Josh Abbott Band – Front Row Seat

Josh Abbott Band - Front Row Seat (2015)The 4th studio album from The Josh Abbott Band is unusual in that it deals entirely with the relationship lead man Abbott had with his wife or more accurately his ex wife. It’s a concept album in the true sense with a beginning (act 1), an end (act 5) and everything in between.

The album therefore deals with meeting, falling in love, getting married, break-up and the inevitable divorce. Plenty of material for a country song!

3 songs are included in each act apart from Act 5 and as you would expect the album develops from up-beat, care-free songs to the final act that catalogues the break up and aftermath. A very personal experience for Abbott who has lived through these various emotions.

So that’s the background. What do we actually get musically?

We get a very good country album which relies heavily upon fiddle and banjos and doesn’t stray too far from a band that learnt their craft in the Texas music scene.

Act 1 begins with “While I’m Young” which opens the ‘happy and care-free’ stage. Fiddles and banjo’s and plenty of orchestrated clapping. The mood continues with “I’ve Been Known”, a foot tapper and a traditionally Texas feel. We conclude this chapter with “Live It While You Got It”, which relies more upon pounding electric guitars but retains the optimistic feel and tells a true story of skinny dipping in Texas fountains.

Act 2 features a duet with Carly Pearce “Wasn’t That Drunk”. By this stage the love affair is developing. Abbott states that he wrote this song with the intention that it would be performed by another artist and had Lady Antebellum in mind. It seems like a future single release.

We continue with “If It Makes You Feel Good” and “Kiss You Good”. Both describing the highs of a happy relationship.

Act 3 arrives with “Crazy things”, an acoustic melody which is very emotional and raw. The banjo and fiddle again takes centre stage creating a high point at the midpoint of the album.

Happiness abounds in “Front Row Seat”. A true love song and a reminder of happier times. This was obviously a very personal song for Abbott and one can understand why he chose it to front the album.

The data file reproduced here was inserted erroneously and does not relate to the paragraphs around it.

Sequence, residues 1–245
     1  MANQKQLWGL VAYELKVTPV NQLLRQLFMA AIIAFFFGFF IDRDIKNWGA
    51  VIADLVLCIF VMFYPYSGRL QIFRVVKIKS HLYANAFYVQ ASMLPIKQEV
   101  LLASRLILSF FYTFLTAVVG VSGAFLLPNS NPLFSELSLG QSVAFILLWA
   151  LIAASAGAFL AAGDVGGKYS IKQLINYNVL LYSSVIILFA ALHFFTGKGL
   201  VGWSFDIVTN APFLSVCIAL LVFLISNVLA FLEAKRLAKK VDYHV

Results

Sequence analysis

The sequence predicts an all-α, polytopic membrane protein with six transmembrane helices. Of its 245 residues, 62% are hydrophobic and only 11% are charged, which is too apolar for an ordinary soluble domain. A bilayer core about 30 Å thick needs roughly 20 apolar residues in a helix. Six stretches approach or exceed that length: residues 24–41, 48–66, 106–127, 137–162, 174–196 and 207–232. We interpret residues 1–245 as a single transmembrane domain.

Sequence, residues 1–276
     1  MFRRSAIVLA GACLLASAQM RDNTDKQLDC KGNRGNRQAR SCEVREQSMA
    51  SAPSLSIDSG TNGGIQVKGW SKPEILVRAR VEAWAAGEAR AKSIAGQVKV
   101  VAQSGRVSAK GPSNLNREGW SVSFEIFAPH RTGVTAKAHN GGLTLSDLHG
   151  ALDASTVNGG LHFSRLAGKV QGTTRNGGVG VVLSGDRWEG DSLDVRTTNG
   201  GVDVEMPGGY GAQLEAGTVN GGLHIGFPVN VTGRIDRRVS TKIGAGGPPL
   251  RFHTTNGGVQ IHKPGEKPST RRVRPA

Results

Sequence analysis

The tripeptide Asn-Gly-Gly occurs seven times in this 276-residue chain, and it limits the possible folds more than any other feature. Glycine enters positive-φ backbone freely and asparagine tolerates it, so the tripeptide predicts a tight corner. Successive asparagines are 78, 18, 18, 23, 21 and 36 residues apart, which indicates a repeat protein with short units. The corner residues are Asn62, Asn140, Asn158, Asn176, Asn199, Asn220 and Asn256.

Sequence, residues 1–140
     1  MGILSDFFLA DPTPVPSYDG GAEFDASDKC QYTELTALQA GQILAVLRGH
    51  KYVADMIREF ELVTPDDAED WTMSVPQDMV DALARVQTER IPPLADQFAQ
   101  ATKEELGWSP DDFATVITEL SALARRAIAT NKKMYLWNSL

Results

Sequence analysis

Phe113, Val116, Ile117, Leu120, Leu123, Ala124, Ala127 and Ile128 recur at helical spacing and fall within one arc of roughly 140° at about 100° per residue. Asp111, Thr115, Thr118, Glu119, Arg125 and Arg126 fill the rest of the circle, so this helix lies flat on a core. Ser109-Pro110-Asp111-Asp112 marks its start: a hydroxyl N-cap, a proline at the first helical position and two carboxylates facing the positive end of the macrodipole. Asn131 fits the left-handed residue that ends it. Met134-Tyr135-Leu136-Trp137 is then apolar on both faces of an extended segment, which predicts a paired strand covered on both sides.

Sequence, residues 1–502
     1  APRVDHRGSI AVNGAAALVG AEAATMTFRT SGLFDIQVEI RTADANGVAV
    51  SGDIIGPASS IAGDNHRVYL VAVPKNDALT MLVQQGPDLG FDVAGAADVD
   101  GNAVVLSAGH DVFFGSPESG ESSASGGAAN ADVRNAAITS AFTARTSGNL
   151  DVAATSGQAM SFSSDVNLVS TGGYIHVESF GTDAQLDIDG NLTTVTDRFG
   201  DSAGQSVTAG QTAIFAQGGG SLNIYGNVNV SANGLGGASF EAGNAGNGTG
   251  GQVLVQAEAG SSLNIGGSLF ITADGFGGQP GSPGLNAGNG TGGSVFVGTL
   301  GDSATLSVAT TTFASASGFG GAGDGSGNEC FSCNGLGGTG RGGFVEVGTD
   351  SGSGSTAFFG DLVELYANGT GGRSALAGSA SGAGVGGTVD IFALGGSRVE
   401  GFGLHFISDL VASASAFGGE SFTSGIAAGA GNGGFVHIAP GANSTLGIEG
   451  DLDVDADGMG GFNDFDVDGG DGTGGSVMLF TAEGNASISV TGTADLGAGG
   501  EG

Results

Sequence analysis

Act 3 concludes with the “Kisses We Steal” an upbeat sing-a-long fiddle-driven song maintaining the mood.

The high spot in Abbott’s relationship and the mood to the album changes at the beginning of Act 4 “Born To Break Your Heart”, a mellow, moody confession that all is not well. It might have signified the end of the relationship but for me it’s a stand out track. A gentle acoustic guitar introduction leads to a tale which is superbly written and performed, and the excellent backing features a slide guitar and harmonies.

“Ghosts”, with its deep introduction and moody rhythm deals with the separation. Abbott described the pain that he felt when recording it – “I just broke down, by the third chorus I could barely sing”.

“This Isn’t Easy” (Her Song) ends the break-up chapter of the album. Twangy banjos and fiddles are forefront in the mix adding to the melancholy.

The final act deals with the aftermath and starts with “A Loss Of Memory”, essentially the lead into the bands first single release from the album, “Amnesia”. This song is co written by Shane McAnally and Josh Osbourne and has hit record written all over it. It’s totally untypical of the type of music expected from a Texas Country band but works perfectly and demonstrates the band’s obvious versatility.

We return to more traditional ground with “Autumn”. The mood has lifted and the banjos return for a song that describes the parting of the ways and a mutual acceptance that parties move on.

The final track of this very impressive album is “Anonymity”, a slow acoustic guitar-strumming builder that, apart from a solo fiddle backing, features Abbott bringing matters to a conclusion alone.

It will be interesting to see how the band performs the album live on their US tour. Do they perform it as it appears here or mix and match?

They are a band who are not afraid to push the boundaries and this has not always been to their commercial advantage. They have parted ways with Atlantic Records due to “creative” difficulties but the result is an album that will be very well received and should hopefully bring commercial success.

 

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